All's fair in war and public relations—or is it? This week an outfit called Campaign for Accountability emailed reporters about the launch of the Google Transparency Project, an initiative that purports to expose how secret decisions by the government and Google affect American lives.
Fair enough. Google (goog) does have immense lobbying clout, and putting sunlight on secret decisions is usually a good thing. But there's a problem here: The folks running the Google Transparency Project won't say who is paying for it, which is odd for a group devoted to transparency.
As such, we can only suspect this is another astroturf effort gussied up as a good government initiative (astroturfing refers to a corporate PR campaign disguised as a grass-roots initiative). Indeed, the group even went to the trouble of getting a ".org" domain name.
As for who's behind it, the answer would normally start and end with Microsoft (msft). The Seattle company has long hated Google with the passion of a thousand suns, and has in the past bankrolled a litany of public and private smear campaigns.
But Microsoft, under CEO Satya Nadella, has turned away from such tactics, and even announced a mutual non-aggression pact of sorts with Google last week. Plus, a spokesperson for Microsoft said by phone that the company is not a donor to the Transparency Project. Meanwhile, Google declined to comment about the group.
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Another plausible candidate is Oracle (orcl), which is waging a bitter intellectual property campaign against Google, and has been the subject of judicial scrutiny for paying bloggers. Oracle's PR staff did not respond to a question of whether it is funding the new anti-Google group.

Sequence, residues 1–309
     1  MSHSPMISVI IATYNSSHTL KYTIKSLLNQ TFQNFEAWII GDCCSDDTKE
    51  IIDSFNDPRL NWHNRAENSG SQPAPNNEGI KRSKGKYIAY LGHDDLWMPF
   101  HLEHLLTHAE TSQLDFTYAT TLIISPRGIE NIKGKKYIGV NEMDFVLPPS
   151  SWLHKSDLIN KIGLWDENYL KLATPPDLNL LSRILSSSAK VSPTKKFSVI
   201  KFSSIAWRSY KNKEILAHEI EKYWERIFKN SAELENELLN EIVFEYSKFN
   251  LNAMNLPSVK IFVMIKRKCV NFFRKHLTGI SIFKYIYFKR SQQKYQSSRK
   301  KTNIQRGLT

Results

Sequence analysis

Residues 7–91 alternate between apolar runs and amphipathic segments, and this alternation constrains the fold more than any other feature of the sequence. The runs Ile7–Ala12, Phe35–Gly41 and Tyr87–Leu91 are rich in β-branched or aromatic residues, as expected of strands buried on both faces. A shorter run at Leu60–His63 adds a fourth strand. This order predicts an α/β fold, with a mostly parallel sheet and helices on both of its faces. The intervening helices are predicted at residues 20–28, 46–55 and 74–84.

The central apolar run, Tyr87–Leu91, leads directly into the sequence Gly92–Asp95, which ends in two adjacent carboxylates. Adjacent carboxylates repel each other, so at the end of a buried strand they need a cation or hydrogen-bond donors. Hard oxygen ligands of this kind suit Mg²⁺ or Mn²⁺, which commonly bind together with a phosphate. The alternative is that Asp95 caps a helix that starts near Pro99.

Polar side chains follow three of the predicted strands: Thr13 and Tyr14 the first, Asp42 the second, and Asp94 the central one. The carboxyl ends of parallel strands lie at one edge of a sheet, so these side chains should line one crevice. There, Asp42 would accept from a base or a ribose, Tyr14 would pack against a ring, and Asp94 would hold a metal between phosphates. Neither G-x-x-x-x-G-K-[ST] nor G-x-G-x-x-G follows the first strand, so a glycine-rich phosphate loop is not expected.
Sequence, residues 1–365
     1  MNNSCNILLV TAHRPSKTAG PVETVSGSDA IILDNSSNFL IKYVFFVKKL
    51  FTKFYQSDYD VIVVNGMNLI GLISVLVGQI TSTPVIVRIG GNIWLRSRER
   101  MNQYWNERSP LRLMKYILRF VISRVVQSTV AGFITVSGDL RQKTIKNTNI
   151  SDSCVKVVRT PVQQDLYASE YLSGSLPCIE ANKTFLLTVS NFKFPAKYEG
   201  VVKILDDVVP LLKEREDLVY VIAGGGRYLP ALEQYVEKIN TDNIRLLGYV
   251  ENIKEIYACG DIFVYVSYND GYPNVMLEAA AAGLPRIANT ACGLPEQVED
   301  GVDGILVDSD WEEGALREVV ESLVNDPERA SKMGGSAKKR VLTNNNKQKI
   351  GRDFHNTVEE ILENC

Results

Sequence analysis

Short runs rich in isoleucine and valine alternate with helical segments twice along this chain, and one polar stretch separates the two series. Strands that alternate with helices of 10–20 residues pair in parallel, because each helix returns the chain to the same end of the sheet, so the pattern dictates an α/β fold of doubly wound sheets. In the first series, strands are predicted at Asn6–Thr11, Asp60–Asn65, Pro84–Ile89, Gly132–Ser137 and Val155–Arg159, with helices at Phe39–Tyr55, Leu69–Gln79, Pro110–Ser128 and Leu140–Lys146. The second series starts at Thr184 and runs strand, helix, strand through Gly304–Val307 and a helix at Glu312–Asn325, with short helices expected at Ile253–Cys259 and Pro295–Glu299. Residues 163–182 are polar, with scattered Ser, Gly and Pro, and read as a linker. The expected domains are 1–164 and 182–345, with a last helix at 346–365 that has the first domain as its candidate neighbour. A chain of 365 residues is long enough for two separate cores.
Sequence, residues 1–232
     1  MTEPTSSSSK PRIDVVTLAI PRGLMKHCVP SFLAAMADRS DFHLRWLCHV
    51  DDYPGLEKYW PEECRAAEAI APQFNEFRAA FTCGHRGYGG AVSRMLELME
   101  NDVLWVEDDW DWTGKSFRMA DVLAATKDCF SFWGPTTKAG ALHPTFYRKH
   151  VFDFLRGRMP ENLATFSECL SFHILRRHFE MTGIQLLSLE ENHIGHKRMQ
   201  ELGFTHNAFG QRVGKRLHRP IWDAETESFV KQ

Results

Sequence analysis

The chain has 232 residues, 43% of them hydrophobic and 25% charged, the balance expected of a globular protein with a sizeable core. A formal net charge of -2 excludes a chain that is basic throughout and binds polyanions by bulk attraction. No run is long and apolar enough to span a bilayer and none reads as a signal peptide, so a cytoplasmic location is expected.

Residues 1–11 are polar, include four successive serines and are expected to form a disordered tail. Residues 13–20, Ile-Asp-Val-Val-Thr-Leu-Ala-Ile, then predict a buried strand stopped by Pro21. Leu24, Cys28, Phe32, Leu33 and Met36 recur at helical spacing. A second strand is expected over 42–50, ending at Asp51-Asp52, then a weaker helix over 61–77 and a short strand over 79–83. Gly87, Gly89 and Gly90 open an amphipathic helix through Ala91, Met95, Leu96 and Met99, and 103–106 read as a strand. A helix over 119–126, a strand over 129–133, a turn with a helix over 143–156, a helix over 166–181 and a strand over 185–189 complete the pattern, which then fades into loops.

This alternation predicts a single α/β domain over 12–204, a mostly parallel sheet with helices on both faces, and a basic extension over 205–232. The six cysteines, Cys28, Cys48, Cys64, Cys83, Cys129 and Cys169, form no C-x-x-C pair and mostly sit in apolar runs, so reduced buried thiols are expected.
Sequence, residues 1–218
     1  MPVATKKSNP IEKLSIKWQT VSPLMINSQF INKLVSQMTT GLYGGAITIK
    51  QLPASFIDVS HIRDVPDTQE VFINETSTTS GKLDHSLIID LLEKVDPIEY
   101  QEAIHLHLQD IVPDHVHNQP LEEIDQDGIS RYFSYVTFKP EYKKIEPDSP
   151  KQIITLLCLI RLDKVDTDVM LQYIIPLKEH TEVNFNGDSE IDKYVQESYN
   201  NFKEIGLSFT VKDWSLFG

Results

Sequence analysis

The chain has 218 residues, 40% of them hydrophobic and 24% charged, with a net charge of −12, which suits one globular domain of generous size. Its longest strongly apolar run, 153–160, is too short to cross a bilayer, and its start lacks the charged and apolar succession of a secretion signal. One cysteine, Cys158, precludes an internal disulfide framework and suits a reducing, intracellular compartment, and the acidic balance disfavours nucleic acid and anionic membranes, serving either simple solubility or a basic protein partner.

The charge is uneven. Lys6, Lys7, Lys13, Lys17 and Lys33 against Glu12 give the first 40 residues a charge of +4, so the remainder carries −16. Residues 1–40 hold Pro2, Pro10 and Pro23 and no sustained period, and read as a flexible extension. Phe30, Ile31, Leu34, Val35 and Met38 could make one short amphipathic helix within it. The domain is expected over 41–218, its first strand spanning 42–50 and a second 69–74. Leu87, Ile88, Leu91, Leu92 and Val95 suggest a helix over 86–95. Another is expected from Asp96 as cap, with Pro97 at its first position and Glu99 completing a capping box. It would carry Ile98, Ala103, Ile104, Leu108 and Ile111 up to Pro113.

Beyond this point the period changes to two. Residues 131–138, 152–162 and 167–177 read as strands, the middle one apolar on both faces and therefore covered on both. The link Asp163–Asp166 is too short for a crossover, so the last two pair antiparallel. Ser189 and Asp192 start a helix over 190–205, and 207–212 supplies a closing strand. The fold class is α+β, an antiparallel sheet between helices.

Other likely candidates include big news publishers, which have been egging on regulators to investigate Google, and now smell blood in the water after the European Union this month served an antitrust complaint against the company.
The truth will eventually leak out but, in the meantime, it's worth asking if astroturf shops like the Google Transparency Project (if it is indeed an astroturf shop) are a good idea in the first place. In one view, they must be: the companies that pay for this stuff are no fools, and have no doubt had their corporate gnomes run a cost-benefit analysis to show how harm to their rival will offset the propaganda costs.
But for everyone else, the value of this sort of skullduggery is dubious. These sort of shadow operations have an incentive to misrepresent data (even if the data itself is true) and, in doing so, create cynicism and undermine trust in organizations that are genuinely devoted to accountability.
Meanwhile, it's worth noting that companies that embrace these sort of PR dark arts are rarely very innovative. It may be a coincidence, but note how Microsoft has seen its product mojo improve once it turned away from the shifty stuff. Perhaps those paying for the non-transparent "Transparency Project" should have invested in innovation instead. Just sayin'.